» Government Ethics and Lobbying Reform

» Money in Politics

» Open Government

» Stealth PACs

» Public Protections

Sign Up

To receive regular updates on our campaigns for government accountability. 

Recent Reports

April 29, 2016 - Presidential Transition Series: A Recommendation for Presidential Transition Transparency
July 15, 2015 - Financial Services Conflict of Interest Act: Outlining the Need for Increased Revolving-Door and Reverse Revolving-Door Legislation
May 6, 2015 - Sleighted: Accounting Tricks Create False Impression That Small Businesses Are Getting Their Share of Federal Procurement Money, and the Political Factors That Might Be at Play
More - See More Government Reform Reports

Regulation Issue

Industry’s Complaints About New Rules Are Predictable—and Wrong

Feb. 14, 2013 — Today, at the national, state, and city levels, opponents of regulation claim proposed rules will eliminate jobs, reduce profits and hurt consumers. But such doomsday forecasts rarely, if ever, materialize. Regulations that prompt hysteria when they are being debated in Congress usually end up imposing minimal costs on businesses once they take effect. And they often yield significant benefits. This report looks at five more recent areas that have followed a familiar pattern: The proposed regulation initially prompts industry to conjure dramatic language about the damage it will cause. Then, the regulation takes effect and wins broad public approval. Meanwhile, industry’s ominous predictions quietly recede from memory after they fail to materialize.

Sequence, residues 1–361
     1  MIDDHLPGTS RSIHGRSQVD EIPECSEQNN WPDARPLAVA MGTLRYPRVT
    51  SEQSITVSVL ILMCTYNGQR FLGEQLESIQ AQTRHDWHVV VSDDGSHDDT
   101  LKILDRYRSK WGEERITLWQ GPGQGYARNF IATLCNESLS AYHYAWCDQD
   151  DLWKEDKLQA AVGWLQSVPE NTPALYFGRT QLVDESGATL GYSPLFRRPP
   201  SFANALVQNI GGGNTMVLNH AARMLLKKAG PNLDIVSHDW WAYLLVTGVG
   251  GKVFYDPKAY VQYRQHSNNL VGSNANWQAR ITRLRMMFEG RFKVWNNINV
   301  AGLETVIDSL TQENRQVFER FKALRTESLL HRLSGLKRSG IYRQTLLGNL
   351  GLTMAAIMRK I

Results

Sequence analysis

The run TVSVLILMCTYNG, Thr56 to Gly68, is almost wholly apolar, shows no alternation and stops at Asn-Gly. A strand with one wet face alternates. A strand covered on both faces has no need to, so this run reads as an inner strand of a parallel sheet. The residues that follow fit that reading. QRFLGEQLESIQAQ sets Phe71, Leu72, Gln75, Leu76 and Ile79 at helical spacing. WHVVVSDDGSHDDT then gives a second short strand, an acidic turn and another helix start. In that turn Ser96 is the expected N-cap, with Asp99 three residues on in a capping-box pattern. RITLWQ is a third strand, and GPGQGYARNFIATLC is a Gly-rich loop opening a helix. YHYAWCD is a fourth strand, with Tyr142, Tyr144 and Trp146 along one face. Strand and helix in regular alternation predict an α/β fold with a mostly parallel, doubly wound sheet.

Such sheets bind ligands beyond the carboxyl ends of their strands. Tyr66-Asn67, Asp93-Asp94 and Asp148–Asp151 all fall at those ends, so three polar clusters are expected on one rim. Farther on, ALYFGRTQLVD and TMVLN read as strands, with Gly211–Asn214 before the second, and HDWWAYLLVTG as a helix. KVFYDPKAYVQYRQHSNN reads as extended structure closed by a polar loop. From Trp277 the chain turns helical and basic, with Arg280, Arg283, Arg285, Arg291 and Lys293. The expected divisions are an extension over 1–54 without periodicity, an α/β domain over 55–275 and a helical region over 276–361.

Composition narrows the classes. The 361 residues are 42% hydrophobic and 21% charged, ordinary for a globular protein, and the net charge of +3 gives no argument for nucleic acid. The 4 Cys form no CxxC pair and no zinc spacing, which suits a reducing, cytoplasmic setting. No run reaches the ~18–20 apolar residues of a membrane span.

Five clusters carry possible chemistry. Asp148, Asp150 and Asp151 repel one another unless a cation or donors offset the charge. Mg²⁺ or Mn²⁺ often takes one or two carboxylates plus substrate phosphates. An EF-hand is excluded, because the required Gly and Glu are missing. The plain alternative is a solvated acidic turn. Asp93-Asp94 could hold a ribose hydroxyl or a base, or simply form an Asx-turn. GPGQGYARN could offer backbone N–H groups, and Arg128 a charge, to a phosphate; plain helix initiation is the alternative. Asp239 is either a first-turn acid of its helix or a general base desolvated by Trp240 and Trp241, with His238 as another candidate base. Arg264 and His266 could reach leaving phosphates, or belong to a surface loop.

Copyright © 2016 Public Citizen. Some rights reserved. Non-commercial use of text and images in which Public Citizen holds the copyright is permitted, with attribution, under the terms and conditions of a Creative Commons License. This Web site is shared by Public Citizen Inc. and Public Citizen Foundation. Learn More about the distinction between these two components of Public Citizen.

Public Citizen, Inc. and Public Citizen Foundation


You can support the fight for greater government and corporate accountability through a donation to either Public Citizen, Inc., or Public Citizen Foundation, Inc.

Public Citizen lobbies Congress and federal agencies to advance Public Citizen’s mission of advancing government and corporate accountability. When you make a contribution to Public Citizen, you become a member of Public Citizen, showing your support and entitling you to benefits such as Public Citizen News. Contributions to Public Citizen are not tax-deductible.

Public Citizen Foundation focuses on research, public education, and litigation in support of our mission. By law, the Foundation can engage in only very limited lobbying. Contributions to Public Citizen Foundation are tax-deductible.